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Siemens to again support international initiatives in the fight against corruption

Funding will be provided to projects that are committed to joining forces in order to fight corruption under the “Collective Action” banner. Collective Action plays a key role in ensuring clean business and fair competition and is attracting more and more dedicated supporters.The Siemens Integrity Initiative is part of the July 2009 settlement between Siemens and the World Bank and the March 2013 settlement between Siemens and the European Investment Bank (EIB).
A total of eight additional projects will receive between US$1 million and US$4 million each over a period of three years. Building on the Third Funding Round launched in 2018, and taking into account the application and selection criteria published at, a selection of shortlisted candidates were invited in December 2020 to apply for additional funding.
A team of experts from different specialist areas and regions subjected the projects to careful due diligence before presenting them to the Siemens Steering Committee for approval and then to the World Bank as part of the non-veto process and to the European Investment Bank for informational purposes.
“This is the final funding round under the settlement with the World Bank. In selecting the projects to be supported, we placed particular emphasis on how the sustainability of their activities and results can be ensured beyond 2024, and on how our partners will inspire, support and engage local non-governmental organizations and the public and private sectors through their longstanding networks and institutional standing. We’re pleased to again support diverse projects in order to promote fair competition and fight corruption with a portfolio balanced by region and topic,” said Sabine Zindera, Head of the Siemens Integrity Initiative and Vice President in Legal and Compliance at Siemens. 
In this round, funding will be provided to the following organizations:

  • the Basel Institute on Governance, Switzerland
  • the International Anti-Corruption Academy (IACA), headquartered in Austria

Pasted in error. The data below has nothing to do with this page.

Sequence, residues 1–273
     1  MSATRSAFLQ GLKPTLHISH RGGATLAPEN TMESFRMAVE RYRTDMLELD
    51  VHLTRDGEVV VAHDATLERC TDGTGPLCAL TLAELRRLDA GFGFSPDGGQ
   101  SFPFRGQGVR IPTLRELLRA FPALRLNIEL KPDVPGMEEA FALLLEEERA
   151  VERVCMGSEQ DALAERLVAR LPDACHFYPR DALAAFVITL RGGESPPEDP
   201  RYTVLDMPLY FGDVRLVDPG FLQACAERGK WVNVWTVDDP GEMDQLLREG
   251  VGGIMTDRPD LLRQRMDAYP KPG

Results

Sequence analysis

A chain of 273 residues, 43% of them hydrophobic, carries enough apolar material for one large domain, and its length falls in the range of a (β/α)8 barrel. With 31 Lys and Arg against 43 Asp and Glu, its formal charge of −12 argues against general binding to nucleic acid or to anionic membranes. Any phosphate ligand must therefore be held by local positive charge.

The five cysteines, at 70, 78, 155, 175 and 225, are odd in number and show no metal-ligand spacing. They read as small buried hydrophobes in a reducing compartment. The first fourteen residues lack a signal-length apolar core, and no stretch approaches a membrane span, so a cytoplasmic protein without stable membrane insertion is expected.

• the Organization for Economic Co-operation and Development (OECD), headquartered in Paris
  • the Maritime Network on Anti-Corruption (MACN), Denmark
  • the Transparency International Secretariat, headquartered in Berlin
  • the United Nations Global Compact (UNGC), headquartered in New York through the Foundation for the Global Compact
  • the United Nations Office on Drugs and Crime (UNODC), headquartered in Vienna
  • the Vienna University of Economics and Business with a focus on tax law, Austria
Projects were selected with a view to achieving a balanced portfolio of topics and a wide regional distribution of funding. To further round off the portfolio, this funding round will focus on projects with activities in the Adriatic Region, Algeria, Argentina, Bangladesh, Brazil, Colombia, Egypt, Ethiopia, Ghana, India, Indonesia, Italy, Japan, Kenya, Nigeria, Malaysia, Pakistan, Romania, Rwanda, Saudi Arabia, South Africa, Spain, Thailand, Uganda, Uzbekistan and Zambia. Additional globally oriented projects and projects that are focused on least developed countries (LDCs) and emerging markets (EMs) will extend the current portfolio to over 50 countries.
As part of the settlement between Siemens and the World Bank, the World Bank has had the right since 2009 to audit the distribution of US$100 million in funding over a 15-year period. The World Bank may also veto Siemens’ selection of projects and organizations. As part of the settlement between Siemens and the European Investment Bank (€13.64 million over five years), the EIB has the right to reject the projects proposed. 
The Annual Reports of the Siemens Integrity Initiative, information about the funding rounds, the selection process, the detailed profiles of the projects selected and the independent 2017 Mid-term Review of the Initiative are available at

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Siemens AG (Berlin and Munich) is a technology company focused on industry, infrastructure, transport, and healthcare. From more resource-efficient factories, resilient supply chains, and smarter buildings and grids, to cleaner and more comfortable transportation as well as advanced healthcare, the company creates technology with purpose adding real value for customers. By combining the real and the digital worlds, Siemens empowers its customers to transform their industries and markets, to transform the everyday for billions of people. Siemens also owns a majority stake in the publicly listed company Siemens Healthineers, a globally leading medical technology provider shaping the future of healthcare. In addition, Siemens holds a minority stake in Siemens Energy, a global leader in the transmission and generation of electrical power. In fiscal 2020, which ended on September 30, 2020, the Siemens Group generated revenue of €55.3 billion and net income of €4.2 billion. As of September 30, 2020, the company had around 293,000 employees worldwide. Further information is available on the Internet at
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Kathrin Stangl

Siemens AG

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80333 Munich

+49 (89) 636 20720